There are so many things you can call Chase Utley from his time as a member of the Philadelphia Phillies. All-star, silver slugger, Phillies legend, World F***ing Champion. But as simply as Harry Kalas once put it, he was the man.

Many people have called Chase Utley a bad person because of his hesitance to show emotion and his lack of enthusiasm  when talking to members of the media. However, Phillies beat writer Jim Salisbury of CSNPhilly.com, who covered Utley throughout his entire tenure with the team, called him “truly a nice, and great person” today on Philly Sports Talk, and there really is no better way to put it. Because even though he was a great player, he was just as great, if not better as a person.

Not only was Chase a great person and teammate, he played the game right. He played hard and he gave it his all every single day. Chase is the guy you want your son to play like, and he even mentioned today during his pre-game press conference that fans come up to him and praise him for “the way he played” and that “they tell their kids to play like him.” Utley said, ” those are the best compliments that I get.”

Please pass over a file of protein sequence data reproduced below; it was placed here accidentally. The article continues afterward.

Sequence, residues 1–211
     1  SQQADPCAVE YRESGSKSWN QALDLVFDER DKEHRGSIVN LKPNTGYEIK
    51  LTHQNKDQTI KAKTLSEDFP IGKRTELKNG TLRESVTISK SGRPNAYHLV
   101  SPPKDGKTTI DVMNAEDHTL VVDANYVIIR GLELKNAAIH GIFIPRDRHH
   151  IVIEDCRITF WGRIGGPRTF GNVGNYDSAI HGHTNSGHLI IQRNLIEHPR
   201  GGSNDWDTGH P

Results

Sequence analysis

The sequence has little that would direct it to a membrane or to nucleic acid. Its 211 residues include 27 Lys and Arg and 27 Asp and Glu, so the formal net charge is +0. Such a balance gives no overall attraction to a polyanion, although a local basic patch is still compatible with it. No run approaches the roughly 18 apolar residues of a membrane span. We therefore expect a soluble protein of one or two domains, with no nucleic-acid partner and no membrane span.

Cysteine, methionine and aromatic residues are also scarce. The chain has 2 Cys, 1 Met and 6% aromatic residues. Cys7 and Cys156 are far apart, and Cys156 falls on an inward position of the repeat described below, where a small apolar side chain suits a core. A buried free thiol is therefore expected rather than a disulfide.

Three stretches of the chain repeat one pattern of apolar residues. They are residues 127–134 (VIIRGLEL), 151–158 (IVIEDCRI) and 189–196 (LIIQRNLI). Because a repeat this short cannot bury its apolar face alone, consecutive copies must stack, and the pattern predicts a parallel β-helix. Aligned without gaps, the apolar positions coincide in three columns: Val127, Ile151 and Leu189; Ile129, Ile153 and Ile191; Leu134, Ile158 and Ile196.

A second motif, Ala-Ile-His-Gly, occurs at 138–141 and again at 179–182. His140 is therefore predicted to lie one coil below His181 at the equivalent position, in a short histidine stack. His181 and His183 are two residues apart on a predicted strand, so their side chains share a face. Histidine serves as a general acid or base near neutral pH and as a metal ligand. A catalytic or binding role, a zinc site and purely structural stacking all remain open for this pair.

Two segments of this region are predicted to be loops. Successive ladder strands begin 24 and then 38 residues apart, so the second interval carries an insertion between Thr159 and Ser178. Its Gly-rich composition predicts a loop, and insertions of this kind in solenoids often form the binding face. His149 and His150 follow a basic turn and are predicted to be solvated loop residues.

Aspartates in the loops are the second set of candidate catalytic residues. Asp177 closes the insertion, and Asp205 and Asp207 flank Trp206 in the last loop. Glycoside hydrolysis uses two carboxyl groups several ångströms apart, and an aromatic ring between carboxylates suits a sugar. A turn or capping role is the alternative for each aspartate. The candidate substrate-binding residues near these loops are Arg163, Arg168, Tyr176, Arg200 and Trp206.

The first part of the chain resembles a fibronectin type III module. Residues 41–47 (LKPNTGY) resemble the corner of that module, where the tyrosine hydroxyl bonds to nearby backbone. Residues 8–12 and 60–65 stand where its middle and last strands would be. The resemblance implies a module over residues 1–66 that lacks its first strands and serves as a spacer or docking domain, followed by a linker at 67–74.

Utley has been a fan favorite to many people, including myself, and is the reason you’ll see plenty of kids in Little League games now, and for many years, to come in the PA and New Jersey area named Chase. Fans loved the way he played, and he was one of the most likable players to ever wear the red pinstripes. Speaking for myself, Chase was my childhood hero growing up, and is the reason I wore the #26 from the time I was eight years old throughout my high school career.

There is no other way to describe Chase’s hustle than the play that Harry Kalas would respond to with his now infamous phrase. Utley stepped up to the plate late in an August day game against the Braves in 2006 with the Phillies trailing a run, and with the bases loaded. Utley promptly un-loaded the bases with a three-run double that put the Phillies on top, 5-3. What happened next, though, is what got him the praise of Kalas. Ryan Howard hit a high chopper to the pitcher in which he nonchalantly flipped to first to retire Howard. But, Utley never stopped running on the play. Utley noticed the lackadaisical flip by the pitcher and rounded third with a full head of steam. Utley slid into home safely and proved to everyone that he wants to show up to the ballpark and work hard every single day, every single inning, every single at-bat, every single pitch.

Aside from his grittiness and effort, Chase brought so many great memories to this city and its fanbase. The five year run that he and the rest of the players on the team put together will always have a special place in the hearts of Phillies fans, and is something they can always think back on and smile. I can still hear in my head Joe Buck say, “Utley rips into right field, at the track, at the wall, it’s a good start for the Phillies” as Utley kicked off the Phillies’ first World Series appearance since 1993 with a bang as he hit a two-run home run to right field in the 1st inning. Moments like that are ones that stay with you for the rest of your life.